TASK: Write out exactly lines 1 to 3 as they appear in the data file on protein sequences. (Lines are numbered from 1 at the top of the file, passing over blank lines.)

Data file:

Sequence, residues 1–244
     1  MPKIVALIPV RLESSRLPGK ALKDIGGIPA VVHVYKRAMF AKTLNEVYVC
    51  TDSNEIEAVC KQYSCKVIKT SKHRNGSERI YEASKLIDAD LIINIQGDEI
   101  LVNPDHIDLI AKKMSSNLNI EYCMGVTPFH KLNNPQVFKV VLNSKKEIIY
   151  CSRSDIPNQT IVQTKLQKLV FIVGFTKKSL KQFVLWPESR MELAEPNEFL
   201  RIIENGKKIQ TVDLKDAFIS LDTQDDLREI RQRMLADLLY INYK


Sequence, residues 1–244
     1  MPKIVALIPV RLESSRLPGK ALKDIGGIPA VVHVYKRAMF AKTLNEVYVC
    51  TDSNEIEAVC KQYSCKVIKT SKHRNGSERI YEASKLIDAD LIINIQGDEI